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Rare Chinese swamp cypress found in Nakai-Nam Theun National Park

A stand of Chinese swamp cypress (Glyptostrobus pensilis), a very rare tree species, has been found in the Nakai-Nam Theun National Park in central Laos, sparking global attention.
Known locally as mai hing xam, the cypress was listed as a critically endangered species on the International Union for the Conservation of Nature (IUCN) red list in 2006.
According to the Nam Theun 2 Power Co., Ltd., this species is known to exist in only three countries - Laos, Vietnam and China - and naturally occurring populations are only known in Laos and Vietnam.

The Nakai-Nam Theun National Park supports the only stand of Chinese swamp cypress known in Laos after the creation of the Nam Theun 2 reservoir, when at least 468 trees were submerged.
Deputy Minister of Information, Culture and Tourism, Mr Savankhone Razmountry, this week led a media team to see the trees which are growing on a hillside in the park, where there is one of the watersheds of the Nam Theun River.
The team spent more than five hours travelling by boat from Phosy Thalang and then trekking to the park’s Nahao area where some 150 mai hing xam trees are growing.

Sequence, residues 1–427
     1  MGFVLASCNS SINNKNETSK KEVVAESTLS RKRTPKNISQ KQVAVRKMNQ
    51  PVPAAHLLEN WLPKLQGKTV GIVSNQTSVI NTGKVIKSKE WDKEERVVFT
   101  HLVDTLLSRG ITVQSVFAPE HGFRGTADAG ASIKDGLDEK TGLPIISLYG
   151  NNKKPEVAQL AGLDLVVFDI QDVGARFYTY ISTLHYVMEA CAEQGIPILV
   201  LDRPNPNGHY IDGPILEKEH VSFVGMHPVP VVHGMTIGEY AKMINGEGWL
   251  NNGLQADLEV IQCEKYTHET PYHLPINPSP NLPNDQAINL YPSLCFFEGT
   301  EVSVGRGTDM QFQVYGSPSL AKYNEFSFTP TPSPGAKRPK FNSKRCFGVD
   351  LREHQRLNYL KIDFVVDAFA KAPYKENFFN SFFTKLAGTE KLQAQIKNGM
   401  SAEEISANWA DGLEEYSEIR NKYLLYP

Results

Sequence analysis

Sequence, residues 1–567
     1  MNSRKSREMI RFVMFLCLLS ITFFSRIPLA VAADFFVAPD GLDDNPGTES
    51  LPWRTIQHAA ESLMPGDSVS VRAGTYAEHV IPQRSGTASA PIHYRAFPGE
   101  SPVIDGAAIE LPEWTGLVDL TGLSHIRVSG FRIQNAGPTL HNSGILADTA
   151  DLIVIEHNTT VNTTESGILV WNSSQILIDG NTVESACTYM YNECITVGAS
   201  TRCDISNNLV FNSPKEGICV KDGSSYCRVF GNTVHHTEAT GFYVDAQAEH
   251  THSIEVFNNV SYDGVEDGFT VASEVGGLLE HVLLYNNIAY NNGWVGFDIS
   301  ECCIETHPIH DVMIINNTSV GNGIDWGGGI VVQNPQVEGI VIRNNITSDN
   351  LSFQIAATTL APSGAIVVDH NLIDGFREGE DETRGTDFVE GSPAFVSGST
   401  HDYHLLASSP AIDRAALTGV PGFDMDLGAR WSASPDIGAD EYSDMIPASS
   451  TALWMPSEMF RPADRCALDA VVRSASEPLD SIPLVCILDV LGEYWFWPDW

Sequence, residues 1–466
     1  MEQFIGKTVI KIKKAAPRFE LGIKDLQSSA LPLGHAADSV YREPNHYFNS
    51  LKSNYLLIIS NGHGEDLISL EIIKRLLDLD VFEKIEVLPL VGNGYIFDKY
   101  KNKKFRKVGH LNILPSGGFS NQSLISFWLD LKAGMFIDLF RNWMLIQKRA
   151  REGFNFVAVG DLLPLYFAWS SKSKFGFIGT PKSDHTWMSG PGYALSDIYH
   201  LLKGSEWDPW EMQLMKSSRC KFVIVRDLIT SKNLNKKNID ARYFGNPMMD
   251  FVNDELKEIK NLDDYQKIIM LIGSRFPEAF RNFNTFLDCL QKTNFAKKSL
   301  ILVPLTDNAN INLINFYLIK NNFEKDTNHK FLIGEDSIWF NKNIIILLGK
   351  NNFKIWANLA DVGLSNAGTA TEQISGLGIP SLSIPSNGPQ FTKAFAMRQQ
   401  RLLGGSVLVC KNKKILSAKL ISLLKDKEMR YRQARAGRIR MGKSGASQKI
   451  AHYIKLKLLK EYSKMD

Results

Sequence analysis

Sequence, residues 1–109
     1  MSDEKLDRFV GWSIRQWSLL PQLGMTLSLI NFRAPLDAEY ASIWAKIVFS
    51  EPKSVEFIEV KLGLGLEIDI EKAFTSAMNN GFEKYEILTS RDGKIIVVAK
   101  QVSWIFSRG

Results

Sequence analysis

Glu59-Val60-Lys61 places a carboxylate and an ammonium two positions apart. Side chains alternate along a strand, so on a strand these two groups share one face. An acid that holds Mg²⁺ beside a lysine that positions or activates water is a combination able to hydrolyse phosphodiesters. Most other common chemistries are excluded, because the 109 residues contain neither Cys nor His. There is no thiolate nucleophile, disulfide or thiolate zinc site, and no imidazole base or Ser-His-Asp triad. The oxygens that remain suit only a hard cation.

The species has also been reported in the park’s Teung area which is about a two-day walk from Nahao.
Mr Savankhone said the media team would explore the area and report their findings as well as make a documentary about the rare tree species, as it is considered to be a priceless national heritage.
“We need to conserve this tree species for successive generations and promote this area as an international tourist destination,” he added.
“This is a very rare tree species and no longer exists in other parts of the world. The 30-50 metre tall trees are thought to be more than 100 years old,” Mr Savankhone said.
This species grows along streams and seasonally inundated areas at attitudes of 500-700 metres above sea level. The total population of the endangered Chinese swamp cypress is not known. A decade ago, conservationists were aware of only 250 of these trees in the wild, mostly a remnant population in Vietnam.
Deputy Governor of Khammuan province’s Nakai district, Mr Sengkeo Phakhounmeuang, said that several decades ago local people used this type of wood to build houses as they knew the wood would last for many years.
“This tree species is also good for health if we sleep on a bed made of this kind of wood,” he said.
Mr Sengkeo said local authorities and villagers are trying to conserve these trees, with relevant officials and villagers being delegated to patrol the jungle to prevent illegal logging.
“What I worry about is unlawful logging which could lead to the disappearance of the species here. Many more people are interested in seeing these trees. Before the Covid-19 pandemic, hundreds of foreigners came here to see them even though this area is not officially open to visitors,” he said.
“I want to see this national park become a conservation and research centre so that our children and people from around the world can come here to study its biodiversity and support efforts to conserve our forests,” he added.
Designated as a national park in 2019, Nakai-Nam Theun covers an area of 4,270 square km spanning the provinces of Khammuan and Borikhamxay in central Laos.


By Somsack Pongkhao
(Latest Update
March 5,

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